spideyht1The costume on this figure is technically made up of three parts, though they really function as one big body suit.  The main suit is pretty well done.  As with the head, there are some issues with the cloth bunching up weirdly in a few areas, which has a lot to do with the one-piece nature of the design.  That being said, it’s very well tailored to the body, is incredibly flexible, and offers a really great range of motion.  The suit ends at the wrists, but there’s enough extra material to cover the wrists and join up pretty well with the sculpted hands. The boots are a separate part (which you’d really only know if you had to disassemble the figure like I did.  More on that in the next section), starting halfway down the calf.  They’re actually a pretty clever in design.  There’s a sort of a skeleton calf and foot, to keep the articulation at the ankle, which is then incased in a rubber material to maintain a more natural shape.  The actual visible boot is really just a sock that slides over the foot, and it’s all held in place by a plastic sole that clips into the base of the foot.  The figure was originally shown with plastic boots (like the ones sported by most of my prior HT figures), but after some fans brought up how it ruined the seamless nature of the design and would also rob him of ankle movement, HT changed it for the final product.

The underlying body is, I think, unique to Spidey, though I’m not 100% sure on that.  It’s a good body for him aesthetically, being lean but still muscular.  It also offers a good deal of posability, and it looks good from under the costume.  That being said, the major issue that plagued this body was its durability.  Remember how I said I had to disassemble the boot?  Yeah, that’s because when I got this guy he couldn’t stand, due to his ankle joint being broken into three pieces.  Fortunately, the foot is easy to access and repair, but I’ve heard stories of figures breaking at the hips, shoulders, or even the neck, places that are virtually impossible to fix due to the design of the suit.  In addition, to make sure they blended with the costume, Spidey’s wrist pegs were cast in red plastic.  Red plastic is notoriously fragile if you don’t pay for a very high quality product, which it seems HT did not.  The pegs are only good for about one hand swap, and then they’re pretty much done.  Fortunately, this figure was released after a spare set of pegs became the standard, but it’s still very frustrating.  I myself have already broken one of the pegs (which is why you only see him wearing one pair for most of the pictures).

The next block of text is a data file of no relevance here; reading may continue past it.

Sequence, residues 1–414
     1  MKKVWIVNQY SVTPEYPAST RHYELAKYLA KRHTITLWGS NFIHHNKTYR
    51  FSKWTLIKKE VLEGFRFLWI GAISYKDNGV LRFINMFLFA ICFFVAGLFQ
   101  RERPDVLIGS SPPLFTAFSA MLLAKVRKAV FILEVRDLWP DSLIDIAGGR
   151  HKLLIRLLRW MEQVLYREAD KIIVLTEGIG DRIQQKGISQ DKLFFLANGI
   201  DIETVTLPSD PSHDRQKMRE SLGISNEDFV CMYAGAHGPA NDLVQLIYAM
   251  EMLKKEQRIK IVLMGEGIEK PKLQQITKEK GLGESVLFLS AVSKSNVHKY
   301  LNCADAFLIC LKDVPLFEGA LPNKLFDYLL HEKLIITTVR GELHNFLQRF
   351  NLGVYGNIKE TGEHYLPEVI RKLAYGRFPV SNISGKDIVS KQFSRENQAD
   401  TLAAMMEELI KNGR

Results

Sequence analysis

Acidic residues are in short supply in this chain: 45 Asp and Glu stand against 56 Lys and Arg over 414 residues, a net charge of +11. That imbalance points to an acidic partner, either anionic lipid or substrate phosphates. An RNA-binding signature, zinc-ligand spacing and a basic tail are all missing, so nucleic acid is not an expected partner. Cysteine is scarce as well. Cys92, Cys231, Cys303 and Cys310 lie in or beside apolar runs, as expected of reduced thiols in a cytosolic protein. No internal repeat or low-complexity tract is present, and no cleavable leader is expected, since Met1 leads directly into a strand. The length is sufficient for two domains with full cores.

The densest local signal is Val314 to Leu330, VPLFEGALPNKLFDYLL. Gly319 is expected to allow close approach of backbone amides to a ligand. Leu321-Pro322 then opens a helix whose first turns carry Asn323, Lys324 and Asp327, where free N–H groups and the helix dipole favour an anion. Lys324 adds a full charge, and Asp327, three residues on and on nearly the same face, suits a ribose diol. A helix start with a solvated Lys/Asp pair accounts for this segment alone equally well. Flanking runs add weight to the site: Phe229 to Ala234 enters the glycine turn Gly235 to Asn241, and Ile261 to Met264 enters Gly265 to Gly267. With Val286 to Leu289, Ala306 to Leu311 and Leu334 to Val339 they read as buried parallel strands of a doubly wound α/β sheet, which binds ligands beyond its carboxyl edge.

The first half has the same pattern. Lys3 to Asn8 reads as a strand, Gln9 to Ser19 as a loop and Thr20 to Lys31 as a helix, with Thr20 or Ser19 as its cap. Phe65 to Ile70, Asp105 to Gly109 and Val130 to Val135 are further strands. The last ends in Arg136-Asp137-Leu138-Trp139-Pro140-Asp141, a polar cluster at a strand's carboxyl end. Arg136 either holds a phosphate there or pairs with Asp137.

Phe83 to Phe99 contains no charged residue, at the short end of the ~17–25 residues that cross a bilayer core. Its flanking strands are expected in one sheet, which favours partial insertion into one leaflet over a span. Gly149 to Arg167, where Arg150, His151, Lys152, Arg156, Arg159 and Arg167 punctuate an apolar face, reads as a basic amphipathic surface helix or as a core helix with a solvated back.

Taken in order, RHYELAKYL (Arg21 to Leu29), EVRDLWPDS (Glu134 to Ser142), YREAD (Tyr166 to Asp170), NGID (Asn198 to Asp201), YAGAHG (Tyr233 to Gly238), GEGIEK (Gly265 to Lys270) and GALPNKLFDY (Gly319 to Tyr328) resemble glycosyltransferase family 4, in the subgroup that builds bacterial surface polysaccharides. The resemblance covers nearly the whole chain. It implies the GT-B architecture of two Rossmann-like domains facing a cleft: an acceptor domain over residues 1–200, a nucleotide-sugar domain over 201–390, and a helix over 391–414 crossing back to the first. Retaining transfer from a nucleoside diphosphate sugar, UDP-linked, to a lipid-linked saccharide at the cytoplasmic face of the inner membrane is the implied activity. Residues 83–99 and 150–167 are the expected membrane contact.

spideyinventorySpidey included a fairly decent accessory complement.  He has four pairs of hands, several different lengths of webbing, the edge of a building to perch on, and the usual display stand.  The hands are in fists, open gesture, web gripping, and web shooting poses.  Apart from the issues swapping them, they’re pretty cool.  The open gesture ones are my personal faves.  The webbing is fairly cool, and tow of the pieces can be slipped over the wrist pegs to look like he’s firing it from his wrists, which is a fun touch.  The perch is a pretty cool base, though he has a little trouble actually standing on it.  The basic stand is exactly what it says on the tin, but it works for its intended purpose.

THE ME HALF OF THE EQUATION

Despite being a huge fan of the Raimi Trilogy (even Spider-Man 3!), I didn’t get this guy when he was new.  At the time, I didn’t have the funds for Hot Toys figures, and he fell right between my birthday and Christmas, so I couldn’t even really ask for him as a gift.  By the time I got into HT collecting hardcore, his price had gone up a fair bit.  I thought about getting the black suited version, but it wasn’t really the same.  I ended up finding him on Ebay for a reasonable deal, from a collector who had opened him and put him on the shelf, but that was it.  Despite his issues, I really like this figure a lot, and he’s probably one of my favorite HT figures I own!

#1000: Captain America – Rescue Uniform Version

CAPTAIN AMERICA – RESCUE UNIFORM VERSION

CAPTAIN AMERICA: THE FIRST AVENGER (HOT TOYS)

CapRescue1

Yes, dear reader, you read that review number correctly. Today marks the 1000th review on The Figure in Question! That’s a pretty big number, isn’t it? It’s kind of a turning point, since from here on out, that 0 at the beginning is gone. Goodbye little 0. You served me well.

Okay, let’s get the next 1000 reviews kicked off with one of my special Deluxe Reviews! This one is another Hot Toys figure, once again from their massive subset of Marvel Studios figures. As I noted in #0900, I generally try to avoid doubling up on characters when it comes to high-end collectibles. The one major exception to this, however, is Captain America. I’ve got a bit of Captain America addiction, mostly due to The First Avenger being my favorite of the Phase I solo films. In TFA, Steve has two distinct Captain America uniforms. The first is the Star Spangled Man look and the second is his main battle uniform. The figure I’m looking at today is sort of the bridge between those two looks.

THE FIGURE ITSELF